Beyond: Two Souls does have co-op play where one player controls Jodie and the other Aiden. This is an interesting execution. Sadly, only one player is in control at any given time, but given the watch-more-than-play nature of the game, the downtime is less noticeable. What is far more interesting is the idea that passing control over to the other player is granting control to another entity who may undo your hard work, let you down, throw a tantrum, or select that dialogue option you didn’t want, which helps to transfer the emotions of Jodie and Aiden onto their players. It’s also worth noting that there is an Android App for Beyond that allows players to turn a smart phone into a second controller. Interestingly, the interface adjusts to suit the new controller. Playing Aiden is nigh impossible in this manner with glowing orange orbs determining the positions he can occupy in a room, which is hard to navigate, especially when in a hurry. I found Jodie far easier to control by phone, with movements nice and fluid, the controls changing to suit the prompts, and, best of all, I found precise movement was much easier by phone.

My favorite thing about Heavy Rain and Indigo Prophecy was the ability to affect the narrative. I made hard decisions in both of those games; whether being forced to quickly choose a dialogue option or where to hide a murder weapon, I was completely invested. The endings of Heavy Rain felt so well earned after everything the characters had been through. By comparison, due to its back and forth through the years nature, Beyond: Two Souls resets most variables in between chapters. A few choices do carry over, but I can count on one hand the number of times I saw this happen, and I never felt like I was determining Jodie’s fate. She did that on her own. There are different ways to accomplish certain tasks or complete chapters, which are fun to discover, but both options A and B lead to the next bullet point on Jodie’s journey. Interestingly, it’s not even possible to fail in Beyond: Two Souls. The story does fork for some failures, requiring players to get out of a different situation before climbing back on the main story’s path.

While I’m picking on Beyond: Two Souls for letting me down, I’m not saying the story isn’t worth experiencing. I had fun exploring the world and the themes showcased by the game. I always wanted to see where and when the next chapter would take place. Moments in Jodie’s life when she has to deal with the paranormal deepen the mystery further of what’s really going on and learning what Aiden is. And, the mundane moments like attending a party or preparing a romantic evening in and Jodie’s struggle to also live a normal life are touching and painful to watch.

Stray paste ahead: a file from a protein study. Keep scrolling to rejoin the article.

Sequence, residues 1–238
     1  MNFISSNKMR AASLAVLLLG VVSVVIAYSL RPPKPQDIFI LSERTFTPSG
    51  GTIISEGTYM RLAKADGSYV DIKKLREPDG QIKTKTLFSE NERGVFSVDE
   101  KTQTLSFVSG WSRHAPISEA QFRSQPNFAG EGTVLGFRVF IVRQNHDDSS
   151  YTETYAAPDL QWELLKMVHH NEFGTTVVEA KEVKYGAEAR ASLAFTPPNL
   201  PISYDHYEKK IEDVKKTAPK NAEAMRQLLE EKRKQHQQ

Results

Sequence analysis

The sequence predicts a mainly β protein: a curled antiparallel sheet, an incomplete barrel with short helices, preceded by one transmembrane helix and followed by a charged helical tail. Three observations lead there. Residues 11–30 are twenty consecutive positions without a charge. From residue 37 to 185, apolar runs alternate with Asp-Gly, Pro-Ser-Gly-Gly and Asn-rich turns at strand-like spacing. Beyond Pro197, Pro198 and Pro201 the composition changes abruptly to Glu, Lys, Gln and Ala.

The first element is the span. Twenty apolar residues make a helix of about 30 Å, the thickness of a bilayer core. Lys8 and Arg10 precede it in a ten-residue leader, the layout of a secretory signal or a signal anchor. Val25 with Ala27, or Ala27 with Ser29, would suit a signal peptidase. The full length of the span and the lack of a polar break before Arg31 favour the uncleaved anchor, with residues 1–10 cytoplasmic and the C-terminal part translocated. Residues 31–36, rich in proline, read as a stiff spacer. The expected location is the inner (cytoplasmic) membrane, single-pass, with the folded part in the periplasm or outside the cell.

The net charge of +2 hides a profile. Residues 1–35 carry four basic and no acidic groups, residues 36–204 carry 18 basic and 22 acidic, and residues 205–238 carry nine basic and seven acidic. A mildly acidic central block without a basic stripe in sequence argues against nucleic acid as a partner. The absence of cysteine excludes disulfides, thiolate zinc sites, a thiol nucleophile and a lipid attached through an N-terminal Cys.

And, there’s something more, too, that Beyond does give players the tools to craft their own narrative even if there isn’t a mechanical representation. How Jodie and Aiden exactly respond to situations is up to the player. Though it can be inconsistent, I drew my enjoyment by playing each character in certain ways. Jodie was a lonely, lost, but clever girl. She desired a normal life and would do anything in her power to get it. Desperate to fit in, she would get herself in over her head a lot of the time but was protective of Aiden and wouldn’t show him off as a cheap party trick. Likewise, Aiden was protective of Jodie, very, very protective. Aiden would assist Jodie when she asked for it, would have the occasional prank, but, overall, was interested in her happiness. But, so help the person who hurt Jodie, physically or emotionally, because my Aiden wouldn’t let up until they seriously regretted their actions.

This is all to say Beyond: Two Souls has the right stuff, but the version we got feels like it should have incorporated more of a reason to be interactive or changed mediums. Personally, my favorite moments in the game are when Jodie is wandering from scenario to scenario, David Banner from The Incredible Hulk style, solving problems and trying to keep her superpowers hidden. I’d love to get some more Jodie and Aiden misadventures as a comic or a web series, and I think a change in delivery would be a good fit.

Cue sad piano music.

Presentation: 10.0, Story: 8.0, Gameplay: 6.0, Overall: 8.0